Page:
What, you may ask, is low histamine? Isn’t histamine something related to allergies for which you take a Benadryl? Histamine is a chemical produced in the body as an inflammatory response to allergy, infection, or injury. Some people have histamine levels that are too high, in part due to the foods they eat.
Foods have histamine. Some higher than others. It can be hard to create a diet and meal plan that avoids high histamine levels (and therefore symptoms), but it is possible.
Read on to learn more about histamine levels, symptoms of high histamine, and foods to incorporate and avoid in a low histamine diet. And, of course, get the recipe for these (can’t-even-really-tell-they’re-“different”) Low Histamine Almond Oat Cookies.Jump to Recipe
An Explanation of Histamine Intolerance
Before I explain what a histamine intolerance is, let me preface this by saying that I am not an expert. I have done a lot of reading on the subject, but I still don’t know everything, and I am only speaking as one who experienced symptoms of histamine intolerance, changed my diet, and have found relief. I will include some resources for you to do more reading on the topic if you like.
Histamine Intolerance, as mentioned above, is when the histamine levels in the body are too high for a person to process, thus leading to various symptoms. It is quite complicated and easily misunderstood, but my focus today will be on how food impacts histamine levels.
There are a few ways for histamine levels to get too high:
- Eating foods with high histamine levels (i.e., filling your histamine bucket too full)
- Eating foods that release histamine already in the body (i.e., freeing histamine already stored in the body)
- Eating foods that block enzymes that lower histamine levels (i.e., preventing HazMat from coming to clean up the inflammation in your body)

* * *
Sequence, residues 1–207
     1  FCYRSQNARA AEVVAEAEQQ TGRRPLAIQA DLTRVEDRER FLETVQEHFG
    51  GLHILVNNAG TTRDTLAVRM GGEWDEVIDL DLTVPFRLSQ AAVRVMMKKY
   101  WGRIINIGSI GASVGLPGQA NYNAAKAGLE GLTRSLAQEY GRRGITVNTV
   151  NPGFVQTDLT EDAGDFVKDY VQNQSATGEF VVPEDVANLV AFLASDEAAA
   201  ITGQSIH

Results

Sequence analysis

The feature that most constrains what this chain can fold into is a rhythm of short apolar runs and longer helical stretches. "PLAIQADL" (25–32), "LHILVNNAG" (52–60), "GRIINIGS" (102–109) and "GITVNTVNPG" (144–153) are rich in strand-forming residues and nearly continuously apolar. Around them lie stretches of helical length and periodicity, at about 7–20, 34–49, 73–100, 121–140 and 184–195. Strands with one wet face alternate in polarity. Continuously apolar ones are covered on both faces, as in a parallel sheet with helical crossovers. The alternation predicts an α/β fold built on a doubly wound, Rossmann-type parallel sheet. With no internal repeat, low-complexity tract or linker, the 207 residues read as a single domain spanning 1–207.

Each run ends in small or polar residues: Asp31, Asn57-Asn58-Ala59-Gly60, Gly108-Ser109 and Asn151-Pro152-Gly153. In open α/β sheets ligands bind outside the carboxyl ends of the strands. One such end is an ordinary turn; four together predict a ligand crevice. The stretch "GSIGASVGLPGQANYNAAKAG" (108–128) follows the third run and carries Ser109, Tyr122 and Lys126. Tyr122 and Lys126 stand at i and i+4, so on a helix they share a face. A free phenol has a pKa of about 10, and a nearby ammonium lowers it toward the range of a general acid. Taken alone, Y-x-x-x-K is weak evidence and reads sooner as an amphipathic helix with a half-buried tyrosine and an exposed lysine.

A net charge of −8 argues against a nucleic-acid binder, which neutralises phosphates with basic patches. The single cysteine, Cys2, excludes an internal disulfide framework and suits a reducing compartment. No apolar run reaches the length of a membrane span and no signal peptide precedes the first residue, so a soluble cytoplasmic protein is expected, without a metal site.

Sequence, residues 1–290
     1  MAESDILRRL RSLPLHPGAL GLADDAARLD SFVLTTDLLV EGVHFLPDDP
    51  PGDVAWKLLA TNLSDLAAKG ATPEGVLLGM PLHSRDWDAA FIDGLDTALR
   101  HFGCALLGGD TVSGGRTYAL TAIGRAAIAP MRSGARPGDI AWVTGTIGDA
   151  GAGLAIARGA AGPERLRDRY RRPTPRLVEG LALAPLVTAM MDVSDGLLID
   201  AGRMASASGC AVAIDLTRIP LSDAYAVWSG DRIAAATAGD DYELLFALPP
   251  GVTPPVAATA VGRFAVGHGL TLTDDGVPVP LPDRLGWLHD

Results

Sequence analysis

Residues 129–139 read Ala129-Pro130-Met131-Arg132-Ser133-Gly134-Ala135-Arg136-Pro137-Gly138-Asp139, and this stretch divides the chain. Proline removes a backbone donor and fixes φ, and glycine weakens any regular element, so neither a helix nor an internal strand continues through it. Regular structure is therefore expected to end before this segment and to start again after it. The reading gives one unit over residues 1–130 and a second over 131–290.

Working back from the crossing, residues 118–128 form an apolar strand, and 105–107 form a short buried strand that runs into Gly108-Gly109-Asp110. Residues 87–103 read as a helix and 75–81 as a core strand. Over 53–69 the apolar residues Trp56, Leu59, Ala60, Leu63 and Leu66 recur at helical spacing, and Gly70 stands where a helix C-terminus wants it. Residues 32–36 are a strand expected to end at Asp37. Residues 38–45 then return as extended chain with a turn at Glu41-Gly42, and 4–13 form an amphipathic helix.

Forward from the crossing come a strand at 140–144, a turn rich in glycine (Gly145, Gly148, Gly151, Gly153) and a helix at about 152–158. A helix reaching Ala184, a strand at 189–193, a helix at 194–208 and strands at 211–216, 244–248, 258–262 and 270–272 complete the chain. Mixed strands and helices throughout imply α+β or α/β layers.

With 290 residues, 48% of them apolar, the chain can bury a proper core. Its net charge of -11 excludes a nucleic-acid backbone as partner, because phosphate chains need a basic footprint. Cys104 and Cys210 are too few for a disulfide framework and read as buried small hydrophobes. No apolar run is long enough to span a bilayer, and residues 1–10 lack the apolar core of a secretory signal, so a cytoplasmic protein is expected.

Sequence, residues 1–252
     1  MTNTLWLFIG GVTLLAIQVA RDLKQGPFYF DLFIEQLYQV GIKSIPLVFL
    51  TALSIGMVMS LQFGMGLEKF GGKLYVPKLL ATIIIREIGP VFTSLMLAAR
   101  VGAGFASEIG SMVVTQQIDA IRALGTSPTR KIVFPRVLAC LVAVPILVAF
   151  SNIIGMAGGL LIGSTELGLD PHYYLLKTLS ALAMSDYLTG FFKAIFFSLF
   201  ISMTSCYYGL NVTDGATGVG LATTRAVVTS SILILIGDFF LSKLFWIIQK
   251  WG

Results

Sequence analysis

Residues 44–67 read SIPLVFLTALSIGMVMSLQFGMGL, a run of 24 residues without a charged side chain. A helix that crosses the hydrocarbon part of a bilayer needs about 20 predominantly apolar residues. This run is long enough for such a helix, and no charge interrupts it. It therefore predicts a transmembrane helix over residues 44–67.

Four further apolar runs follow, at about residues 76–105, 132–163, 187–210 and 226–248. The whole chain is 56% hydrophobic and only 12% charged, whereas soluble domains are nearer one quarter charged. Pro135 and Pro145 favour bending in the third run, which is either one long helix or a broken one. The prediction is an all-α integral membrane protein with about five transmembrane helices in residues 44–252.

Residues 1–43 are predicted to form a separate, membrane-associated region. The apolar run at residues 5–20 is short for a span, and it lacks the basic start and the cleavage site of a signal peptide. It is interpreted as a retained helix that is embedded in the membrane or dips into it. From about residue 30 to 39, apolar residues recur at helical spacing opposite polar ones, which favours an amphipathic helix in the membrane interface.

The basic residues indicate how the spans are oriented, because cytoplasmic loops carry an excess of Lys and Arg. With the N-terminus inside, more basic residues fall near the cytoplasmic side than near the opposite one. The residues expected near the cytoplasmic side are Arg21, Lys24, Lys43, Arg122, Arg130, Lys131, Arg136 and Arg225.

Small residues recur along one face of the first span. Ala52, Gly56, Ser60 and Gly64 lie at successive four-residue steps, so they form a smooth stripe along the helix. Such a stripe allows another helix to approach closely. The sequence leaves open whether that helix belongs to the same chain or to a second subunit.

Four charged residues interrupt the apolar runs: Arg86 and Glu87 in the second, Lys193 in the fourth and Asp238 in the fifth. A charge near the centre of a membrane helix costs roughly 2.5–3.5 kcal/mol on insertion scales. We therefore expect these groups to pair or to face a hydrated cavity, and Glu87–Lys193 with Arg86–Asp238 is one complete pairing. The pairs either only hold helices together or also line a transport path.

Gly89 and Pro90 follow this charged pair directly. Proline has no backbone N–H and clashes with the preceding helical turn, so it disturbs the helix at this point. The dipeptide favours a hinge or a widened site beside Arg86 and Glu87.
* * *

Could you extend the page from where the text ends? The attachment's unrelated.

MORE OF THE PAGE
Symptoms of High Histamine Levels
There are many symptoms that could be confused with other illnesses or diseases, but here are some common ones:
- Fatigue and weakness, especially after eating or drinking high-histamine foods and beverages
- Skin issues, such as flushing, hives, psoriasis, and overreaction to insect bites
- Gastro-intestinal issues, such as chronic diarrhea, constipation, and/or bloating
- Runny, stuffy, or itchy nose
- Food and environmental sensitivities, such as gluten intolerance or headaches from strong fragrances
- Hormone imbalances, such as very short menstrual cycles for women or very short periods.
My symptoms were…all of these. Literally. I would feel so fatigued and heavy that it was hard to walk up the stairs. I would get pounding headaches after eating certain foods, but not realizing which ones were bothering me. I had psoriasis on my scalp that was getting worse, bloating every single day, a slightly runny nose throughout the day, headaches when I smelled strong fragrances, and my menstrual cycle was way too short for someone who is not near menopausal age yet.
After changing my diet, I have found relief in all of these areas. I now have energy to complete my daily to-do lists, my headaches are mostly gone, my psoriasis is gone, my GI issues are much more under control, my nose rarely runs, and I’ve added a day to my menstrual cycle, making it right on the edge of normal.
High Histamine Food Lists
The main culprits in high histamine foods are the following:
- Anything fermented (alcohol, cheese, yogurt, kombucha, miso, fish and soy sauce, vinegars)
- Anything canned or leftover (leftovers more than a day old grow mold in the fridge that is fine for most but not for the histamine intolerant)
- Citrus fruits, tomatoes, spinach, avocado, bananas
- Some people are sensitive to all nightshades (tomato, potato, eggplant, pepper)
- Smoked meats, deli meats, sausage
- Dried fruits
- Beans, soy, and yeast
- Chocolate, peanuts, and some nuts
This is not an exhaustive list, and searching online for High Histamine Food Lists will offer some differing opinions. However, it is a starting point. It is important to listen to your body and, sometimes, look up one food at a time if you suspect it may be bothering you to see whether it is high in histamine or not.
My Experience With Histamine
I have familiarized myself with histamine intolerance over the years because my mother struggles with it. I wondered off and on if I also have a sensitivity to histamine. Sometimes I would feel tired for no apparent reason, but it wasn’t excessive. However, I could not drink red wine (very high in histamine) without feeling like I needed to immediately lay down and go to sleep. So I wondered if something was up.